How to Come up with $34 Million?

November 11, 2013 Updated Nov 5, 2013 at 6:45 PM EDT

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November 11, 2013 Updated Nov 5, 2013 at 6:45 PM EDT

Buffalo, N.Y. (WKBW-TV) - Facing a budget deficit of $34 million dollars, Buffalo School Leaders are scrambling to find ways to recover.
Ideas being discussed: advertising on school busses and lowering the heat to save on utility bills.
It follows a grim picture painted by Dr. James Williams, Buffalo's superintendent.
Wednesday, he outlined two possible spending plans, one of which calls for laying off 700 school district employees.

"We're spending more money than we're taking in," Williams said following his budget presentation to board members.

"We receive 80 percent of our funding from the state," he said "And that's a problem."

It's a problem because Governor David Paterson wants to reduced aide to local schools, leaving large urban districts like Buffalo with few options that include program cuts, larger class sizes and teacher layoffs.

Here is what Williams is recommending to the board:

- Ask teachers to contribute 20 percent towards health care costs, saving $12 million.
- Petition the state to change the charter school tuition formula, saving $15 million.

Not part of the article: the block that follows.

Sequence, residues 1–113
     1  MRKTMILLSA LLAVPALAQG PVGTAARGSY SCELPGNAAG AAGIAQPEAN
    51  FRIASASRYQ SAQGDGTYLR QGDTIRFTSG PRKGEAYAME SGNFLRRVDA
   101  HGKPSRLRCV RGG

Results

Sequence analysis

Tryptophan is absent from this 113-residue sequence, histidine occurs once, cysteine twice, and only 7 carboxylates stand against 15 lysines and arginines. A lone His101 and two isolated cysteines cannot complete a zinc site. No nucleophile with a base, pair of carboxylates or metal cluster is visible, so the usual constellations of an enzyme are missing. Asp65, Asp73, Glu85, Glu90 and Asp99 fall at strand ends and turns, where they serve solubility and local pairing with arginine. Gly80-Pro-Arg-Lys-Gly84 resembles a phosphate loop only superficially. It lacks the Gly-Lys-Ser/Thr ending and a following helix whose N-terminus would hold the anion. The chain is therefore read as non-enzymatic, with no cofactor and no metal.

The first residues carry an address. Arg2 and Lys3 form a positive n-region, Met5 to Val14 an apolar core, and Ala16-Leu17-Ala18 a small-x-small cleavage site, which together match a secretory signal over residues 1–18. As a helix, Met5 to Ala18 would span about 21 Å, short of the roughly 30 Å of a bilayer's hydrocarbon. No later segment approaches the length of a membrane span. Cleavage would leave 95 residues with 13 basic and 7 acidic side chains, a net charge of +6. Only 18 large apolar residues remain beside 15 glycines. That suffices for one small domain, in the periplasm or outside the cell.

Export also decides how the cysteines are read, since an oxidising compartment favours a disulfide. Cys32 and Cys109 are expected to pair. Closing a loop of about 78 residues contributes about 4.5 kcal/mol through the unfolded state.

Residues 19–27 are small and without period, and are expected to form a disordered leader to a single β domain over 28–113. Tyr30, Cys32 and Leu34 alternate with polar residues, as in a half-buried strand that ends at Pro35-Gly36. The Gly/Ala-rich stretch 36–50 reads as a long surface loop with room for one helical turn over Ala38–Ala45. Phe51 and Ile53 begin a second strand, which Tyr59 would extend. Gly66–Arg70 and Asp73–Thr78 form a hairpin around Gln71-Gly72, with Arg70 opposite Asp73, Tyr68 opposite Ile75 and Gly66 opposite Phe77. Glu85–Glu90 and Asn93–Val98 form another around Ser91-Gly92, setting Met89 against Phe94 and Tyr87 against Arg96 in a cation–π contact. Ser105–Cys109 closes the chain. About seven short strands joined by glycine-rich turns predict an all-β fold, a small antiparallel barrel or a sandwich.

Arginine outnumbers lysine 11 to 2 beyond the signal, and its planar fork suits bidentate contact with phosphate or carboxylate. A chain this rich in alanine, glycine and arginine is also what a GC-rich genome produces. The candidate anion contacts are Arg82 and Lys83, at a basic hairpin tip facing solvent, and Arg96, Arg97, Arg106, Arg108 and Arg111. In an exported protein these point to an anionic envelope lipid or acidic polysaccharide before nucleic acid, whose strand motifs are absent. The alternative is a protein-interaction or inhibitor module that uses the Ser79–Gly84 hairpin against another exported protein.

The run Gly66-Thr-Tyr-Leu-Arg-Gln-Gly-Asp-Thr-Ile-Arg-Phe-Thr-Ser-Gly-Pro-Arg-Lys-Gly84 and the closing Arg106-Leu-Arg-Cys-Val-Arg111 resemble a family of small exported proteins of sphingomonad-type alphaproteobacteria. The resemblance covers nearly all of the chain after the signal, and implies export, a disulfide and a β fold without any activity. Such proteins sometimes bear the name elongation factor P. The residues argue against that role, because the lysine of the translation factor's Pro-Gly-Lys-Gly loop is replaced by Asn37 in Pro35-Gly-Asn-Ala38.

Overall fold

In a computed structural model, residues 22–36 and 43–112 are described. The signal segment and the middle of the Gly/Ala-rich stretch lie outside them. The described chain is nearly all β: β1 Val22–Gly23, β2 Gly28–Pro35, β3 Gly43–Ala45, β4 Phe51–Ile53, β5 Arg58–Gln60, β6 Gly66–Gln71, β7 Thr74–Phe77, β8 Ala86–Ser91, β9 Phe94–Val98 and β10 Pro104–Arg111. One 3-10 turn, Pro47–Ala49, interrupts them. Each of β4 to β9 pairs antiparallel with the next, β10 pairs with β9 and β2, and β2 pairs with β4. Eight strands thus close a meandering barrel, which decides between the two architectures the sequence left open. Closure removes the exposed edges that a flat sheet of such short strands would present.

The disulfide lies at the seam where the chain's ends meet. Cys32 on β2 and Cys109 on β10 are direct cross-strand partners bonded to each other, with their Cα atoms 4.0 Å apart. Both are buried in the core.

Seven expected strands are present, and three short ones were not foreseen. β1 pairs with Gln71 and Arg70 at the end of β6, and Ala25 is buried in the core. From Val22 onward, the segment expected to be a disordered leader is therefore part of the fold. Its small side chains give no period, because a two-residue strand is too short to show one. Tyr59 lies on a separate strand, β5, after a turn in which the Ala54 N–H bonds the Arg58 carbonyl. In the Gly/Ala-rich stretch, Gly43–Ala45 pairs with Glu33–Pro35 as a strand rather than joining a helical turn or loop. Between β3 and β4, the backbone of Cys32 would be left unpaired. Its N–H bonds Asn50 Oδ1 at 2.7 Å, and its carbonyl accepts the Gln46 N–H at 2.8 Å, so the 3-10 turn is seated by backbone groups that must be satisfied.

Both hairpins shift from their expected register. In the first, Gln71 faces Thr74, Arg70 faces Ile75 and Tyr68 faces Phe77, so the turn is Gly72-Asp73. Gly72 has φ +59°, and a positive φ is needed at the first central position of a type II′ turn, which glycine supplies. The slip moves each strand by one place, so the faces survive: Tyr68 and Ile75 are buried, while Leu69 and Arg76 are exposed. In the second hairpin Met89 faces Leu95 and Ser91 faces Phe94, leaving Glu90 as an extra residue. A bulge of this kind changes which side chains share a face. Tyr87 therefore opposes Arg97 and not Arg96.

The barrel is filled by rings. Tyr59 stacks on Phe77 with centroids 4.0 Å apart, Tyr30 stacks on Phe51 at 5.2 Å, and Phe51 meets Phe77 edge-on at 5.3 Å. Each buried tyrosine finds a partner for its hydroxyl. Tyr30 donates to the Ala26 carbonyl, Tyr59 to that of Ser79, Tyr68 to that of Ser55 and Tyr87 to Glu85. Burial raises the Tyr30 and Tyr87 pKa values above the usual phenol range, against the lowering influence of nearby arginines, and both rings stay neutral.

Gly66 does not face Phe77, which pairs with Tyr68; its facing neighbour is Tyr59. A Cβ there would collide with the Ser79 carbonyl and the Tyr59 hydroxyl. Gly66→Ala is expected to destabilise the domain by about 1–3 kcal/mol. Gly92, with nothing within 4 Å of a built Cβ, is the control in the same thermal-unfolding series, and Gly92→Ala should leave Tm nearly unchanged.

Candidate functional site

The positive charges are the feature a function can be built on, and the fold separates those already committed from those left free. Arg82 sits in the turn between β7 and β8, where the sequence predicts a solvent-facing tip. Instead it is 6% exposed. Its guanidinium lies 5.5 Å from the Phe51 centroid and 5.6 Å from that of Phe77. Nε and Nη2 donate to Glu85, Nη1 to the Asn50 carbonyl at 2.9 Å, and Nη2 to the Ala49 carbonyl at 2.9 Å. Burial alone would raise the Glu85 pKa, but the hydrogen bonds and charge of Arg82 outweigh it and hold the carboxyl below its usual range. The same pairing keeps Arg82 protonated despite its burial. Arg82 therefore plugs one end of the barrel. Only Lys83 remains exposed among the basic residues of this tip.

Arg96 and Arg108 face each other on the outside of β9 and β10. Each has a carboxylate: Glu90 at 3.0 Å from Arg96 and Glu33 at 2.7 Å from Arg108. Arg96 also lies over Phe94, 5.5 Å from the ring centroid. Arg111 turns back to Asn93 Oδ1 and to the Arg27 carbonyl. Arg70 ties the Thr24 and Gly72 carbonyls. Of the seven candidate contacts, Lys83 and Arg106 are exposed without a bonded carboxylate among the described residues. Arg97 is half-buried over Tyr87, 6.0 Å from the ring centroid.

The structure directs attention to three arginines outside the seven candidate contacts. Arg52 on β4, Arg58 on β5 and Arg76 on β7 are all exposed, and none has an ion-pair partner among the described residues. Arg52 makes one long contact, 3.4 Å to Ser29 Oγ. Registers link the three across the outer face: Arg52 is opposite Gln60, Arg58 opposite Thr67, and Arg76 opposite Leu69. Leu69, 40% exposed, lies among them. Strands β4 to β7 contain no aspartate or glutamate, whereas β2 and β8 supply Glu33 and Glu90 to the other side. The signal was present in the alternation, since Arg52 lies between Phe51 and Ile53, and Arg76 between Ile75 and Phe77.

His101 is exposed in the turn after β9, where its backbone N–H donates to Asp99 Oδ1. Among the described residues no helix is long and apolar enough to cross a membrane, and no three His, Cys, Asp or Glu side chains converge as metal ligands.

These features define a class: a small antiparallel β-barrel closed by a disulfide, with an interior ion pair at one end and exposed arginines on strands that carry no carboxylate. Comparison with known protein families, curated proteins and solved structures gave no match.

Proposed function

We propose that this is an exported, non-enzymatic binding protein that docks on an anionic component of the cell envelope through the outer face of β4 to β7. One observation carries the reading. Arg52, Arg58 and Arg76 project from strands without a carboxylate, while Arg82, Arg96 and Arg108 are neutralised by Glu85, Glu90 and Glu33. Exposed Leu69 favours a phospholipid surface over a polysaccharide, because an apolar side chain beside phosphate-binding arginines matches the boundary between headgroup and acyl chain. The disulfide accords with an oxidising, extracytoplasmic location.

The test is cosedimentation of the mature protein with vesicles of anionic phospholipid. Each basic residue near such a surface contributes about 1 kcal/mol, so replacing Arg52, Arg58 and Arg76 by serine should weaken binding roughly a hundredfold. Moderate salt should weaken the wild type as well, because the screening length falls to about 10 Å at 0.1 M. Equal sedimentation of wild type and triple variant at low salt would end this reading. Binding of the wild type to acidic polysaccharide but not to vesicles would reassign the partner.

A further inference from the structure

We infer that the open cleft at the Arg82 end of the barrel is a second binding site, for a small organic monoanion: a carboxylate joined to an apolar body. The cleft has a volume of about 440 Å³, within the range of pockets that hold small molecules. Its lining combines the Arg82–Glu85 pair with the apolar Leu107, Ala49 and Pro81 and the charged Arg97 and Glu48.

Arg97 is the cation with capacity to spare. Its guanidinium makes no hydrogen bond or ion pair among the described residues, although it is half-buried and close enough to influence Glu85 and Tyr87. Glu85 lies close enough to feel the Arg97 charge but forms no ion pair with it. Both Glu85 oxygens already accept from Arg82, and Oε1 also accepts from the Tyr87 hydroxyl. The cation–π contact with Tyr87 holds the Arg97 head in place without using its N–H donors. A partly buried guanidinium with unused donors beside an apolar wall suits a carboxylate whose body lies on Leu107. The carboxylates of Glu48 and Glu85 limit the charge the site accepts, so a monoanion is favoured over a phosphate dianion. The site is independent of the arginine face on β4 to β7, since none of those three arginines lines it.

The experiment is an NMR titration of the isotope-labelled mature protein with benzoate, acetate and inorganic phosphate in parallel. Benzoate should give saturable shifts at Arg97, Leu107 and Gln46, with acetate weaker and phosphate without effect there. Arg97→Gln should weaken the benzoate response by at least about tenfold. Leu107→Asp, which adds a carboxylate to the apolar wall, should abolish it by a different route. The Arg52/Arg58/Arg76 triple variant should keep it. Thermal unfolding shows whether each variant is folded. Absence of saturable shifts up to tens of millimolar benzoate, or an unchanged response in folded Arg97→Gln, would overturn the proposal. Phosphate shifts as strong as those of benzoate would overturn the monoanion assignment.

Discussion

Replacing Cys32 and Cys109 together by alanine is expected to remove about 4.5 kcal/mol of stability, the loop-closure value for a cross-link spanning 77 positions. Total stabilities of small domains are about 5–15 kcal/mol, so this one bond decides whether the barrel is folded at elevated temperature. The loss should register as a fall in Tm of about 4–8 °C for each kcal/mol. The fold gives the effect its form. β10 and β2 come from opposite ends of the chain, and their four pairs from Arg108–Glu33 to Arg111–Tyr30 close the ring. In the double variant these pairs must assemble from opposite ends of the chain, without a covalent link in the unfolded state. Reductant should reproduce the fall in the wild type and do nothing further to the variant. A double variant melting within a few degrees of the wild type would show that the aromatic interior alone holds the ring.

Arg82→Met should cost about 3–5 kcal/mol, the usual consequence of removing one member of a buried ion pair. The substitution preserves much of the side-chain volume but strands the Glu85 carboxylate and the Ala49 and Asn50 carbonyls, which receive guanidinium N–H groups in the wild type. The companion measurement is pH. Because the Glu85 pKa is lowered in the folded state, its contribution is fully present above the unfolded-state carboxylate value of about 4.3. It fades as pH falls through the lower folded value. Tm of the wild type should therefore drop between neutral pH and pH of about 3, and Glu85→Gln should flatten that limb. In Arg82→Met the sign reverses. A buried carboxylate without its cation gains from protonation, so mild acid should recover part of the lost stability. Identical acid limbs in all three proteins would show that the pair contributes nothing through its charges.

- Eliminate the cosmetic surgery rider, saving $7 million.

School officials admit it will be difficult to achieve just one of these options, so Williams has devised a second proposal. He calls it a plan for a "worst-case scenario."

The second option would layoff about 777 full and part-time employees.

Among them:

- 185 teacher aides
- 200 teachers
- 300 non-mandated bus aides
- 26 white collar positions
- 5 central office administrators

Unlike suburban school districts, major city school systems like Buffalo cannot levy taxes.

Ralph Hernandez, School Board president, is planning to ask the Buffalo Common Council for additional aid this year, but with a looming $24 million deficit, members of Mayor Byron Brown's administration said a boost in aid is unlikely.

"Tonight we saw a best-case scenario and a worst-case scenario," said School Board member Catherine Nugent Panepinto.

"I think there's lots of in between there," she added.

A final spending plan must be in place by July 1.